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Gina Blitstein Article

Gina Blitstein Article
Gina Blitstein combines her insight as a fellow small business owner with her strong communication skills, exploring topics that enhance your business efforts. That first-hand knowledge, matched with an insatiable curiosity to know more about just about anything, makes her a well-rounded writer with a sincere desire to engage and inform.

Assuring That "In with the New" is a Positive Experience for Your Business

Assuring That "In with the New" is a Positive Experience for Your Business

Throughout the life of your business, your offerings will undergo changes. If you provide services, you’re likely to upgrade or tweak them over time. If you make products, you may add new ones to your line or redesign that which you produce. The reasons for those changes are varied and may include changes in taste or technology - or a need to keep things fresh. Whatever the reason for offering something new, it’s important to consider your decision closely. Making a change simply for the sake of change is pointless and may actually cost you business.

When deciding to change things up, consider a couple of factors:

Why? Determine your motivation for making a change. Is it required because of a technological or supply issue? Are you losing business because your offerings falling behind the times? Perhaps you’re expanding in order to serve a new market or cater to a new clientele. These are but a few of the legitimate reasons for seeking to add something new to the mix.

What? Determine specifically what you’re going to change - and what will remain the same. Cosmetic changes can update the look and feel, presenting a fresh face for your offerings. Changes to your actual products or services should be done with particular consideration. It can be a fine line between continuing to please your existing customers and offering that which will attract new ones. It’s important to make changes that are informed and for reasons that will benefit your customers and your company.

Deciding to add something new to your offerings

At any given time, it’s conceivable that you could provide a number of new products or services. The question is, however, who will want them? More than one company has made the mistake of taking it upon themselves to decide what new offerings to make available - only to miss the mark with their customers. Without the input of those who already do business with you - or would likely do business with you - your decisions are likely to suffer from a lack of context.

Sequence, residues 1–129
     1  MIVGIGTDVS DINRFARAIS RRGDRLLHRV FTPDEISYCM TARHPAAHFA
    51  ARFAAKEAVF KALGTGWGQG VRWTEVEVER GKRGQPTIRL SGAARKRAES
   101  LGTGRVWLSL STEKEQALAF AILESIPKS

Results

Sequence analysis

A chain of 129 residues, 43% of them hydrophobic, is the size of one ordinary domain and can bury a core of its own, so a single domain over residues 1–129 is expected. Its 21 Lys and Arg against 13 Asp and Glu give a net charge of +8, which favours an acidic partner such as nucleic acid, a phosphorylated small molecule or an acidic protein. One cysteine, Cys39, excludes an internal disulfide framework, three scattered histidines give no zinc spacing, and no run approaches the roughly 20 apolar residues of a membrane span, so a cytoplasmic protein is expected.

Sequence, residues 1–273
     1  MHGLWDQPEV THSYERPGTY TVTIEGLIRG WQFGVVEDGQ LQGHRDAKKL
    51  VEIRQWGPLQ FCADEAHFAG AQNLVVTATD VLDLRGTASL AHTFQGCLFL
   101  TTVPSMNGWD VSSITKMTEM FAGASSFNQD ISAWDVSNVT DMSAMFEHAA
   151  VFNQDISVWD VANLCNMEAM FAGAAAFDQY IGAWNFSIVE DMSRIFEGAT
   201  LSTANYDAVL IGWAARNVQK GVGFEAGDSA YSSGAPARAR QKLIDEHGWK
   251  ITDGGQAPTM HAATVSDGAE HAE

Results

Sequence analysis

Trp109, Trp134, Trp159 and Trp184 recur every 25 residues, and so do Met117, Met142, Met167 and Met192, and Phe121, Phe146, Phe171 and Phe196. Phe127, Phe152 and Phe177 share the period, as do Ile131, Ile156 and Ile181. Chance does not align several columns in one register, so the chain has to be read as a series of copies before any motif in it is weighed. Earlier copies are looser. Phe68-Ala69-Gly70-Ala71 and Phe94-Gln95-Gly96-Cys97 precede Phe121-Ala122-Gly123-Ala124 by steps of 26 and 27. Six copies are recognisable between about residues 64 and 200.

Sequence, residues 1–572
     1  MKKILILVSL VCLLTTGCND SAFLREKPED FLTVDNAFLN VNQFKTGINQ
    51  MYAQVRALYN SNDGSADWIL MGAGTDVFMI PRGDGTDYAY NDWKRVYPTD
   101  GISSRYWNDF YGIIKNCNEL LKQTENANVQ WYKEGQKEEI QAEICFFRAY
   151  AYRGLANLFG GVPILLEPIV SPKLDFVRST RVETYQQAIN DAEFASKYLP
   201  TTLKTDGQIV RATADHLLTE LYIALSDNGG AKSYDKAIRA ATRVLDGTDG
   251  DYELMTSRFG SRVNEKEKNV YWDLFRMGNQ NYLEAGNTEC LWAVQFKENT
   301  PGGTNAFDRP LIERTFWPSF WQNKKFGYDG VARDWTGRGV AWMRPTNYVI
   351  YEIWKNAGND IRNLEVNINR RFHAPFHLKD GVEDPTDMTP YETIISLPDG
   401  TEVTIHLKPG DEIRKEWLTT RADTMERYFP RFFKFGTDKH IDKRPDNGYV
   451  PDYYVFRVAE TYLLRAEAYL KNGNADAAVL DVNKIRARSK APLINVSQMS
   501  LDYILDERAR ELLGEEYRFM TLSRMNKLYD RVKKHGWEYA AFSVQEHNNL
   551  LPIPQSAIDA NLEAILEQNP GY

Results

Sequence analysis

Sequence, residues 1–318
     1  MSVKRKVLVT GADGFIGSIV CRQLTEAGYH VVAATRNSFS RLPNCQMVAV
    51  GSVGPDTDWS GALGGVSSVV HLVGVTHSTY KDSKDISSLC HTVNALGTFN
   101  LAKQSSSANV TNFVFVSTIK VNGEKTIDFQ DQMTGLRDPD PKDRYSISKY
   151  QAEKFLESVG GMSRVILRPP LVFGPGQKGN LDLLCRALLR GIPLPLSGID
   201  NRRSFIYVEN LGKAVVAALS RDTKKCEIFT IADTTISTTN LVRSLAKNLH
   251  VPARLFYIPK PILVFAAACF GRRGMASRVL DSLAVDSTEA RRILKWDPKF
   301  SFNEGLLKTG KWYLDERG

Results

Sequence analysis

While it might be tempting to implement new functionality or products because of an excitement factor - or just because you can - the fact may be that your customers are perfectly content with much of what is now available. Conversely, if you hesitate to implement that which your customers request, you may lose them to companies who provide what they want.

That’s why determining what your existing customers want is paramount to the decision of what to add to your repertoire. So keep your ears and mind open in a variety of ways:

  • Those in your customer service department hear the lowdown. They are the direct line from outside the company to inside it. Ask them what customers are confused by, complain about and ask for.
  • Surveys are revealing. Ever wonder why so many companies provide surveys to their customers? This is a way of keeping their hand on the pulse their consumers to help determine what’s working, what needs attention and what new and different products and services to roll out.
  • Focus groups are another means by which to measure customer expectations and experience. Discover firsthand what actual users think about using your product or service. Take note of what they like - and don’t like about what you offer and proceed accordingly.

The takeaway here is to avoid hastily latching on to a new offering just to create buzz. If your new product or service differs too much from what customers want and expect from you, they’ll feel betrayed. If it doesn’t resonate as an improvement or welcome addition, customers will be confused. If it seems devoid of customer consideration, they will resent the change rather than embrace it. And if it removes functionality without rationale, they will be irritated. Obviously, your intention in bringing something new on board is none of the above. Disappointed customers and turned-off shoppers will bring your sales down fast.

Businesses evolve as time goes on and that means changing or adding products and services to their offerings. “In with the new” should be cause for celebration among you and your customers. A well-researched, considered and satisfying improvement demonstrates to your customers that you are committed to providing that which they actually want.

How do you determine when it’s “in with the new” time in your business?


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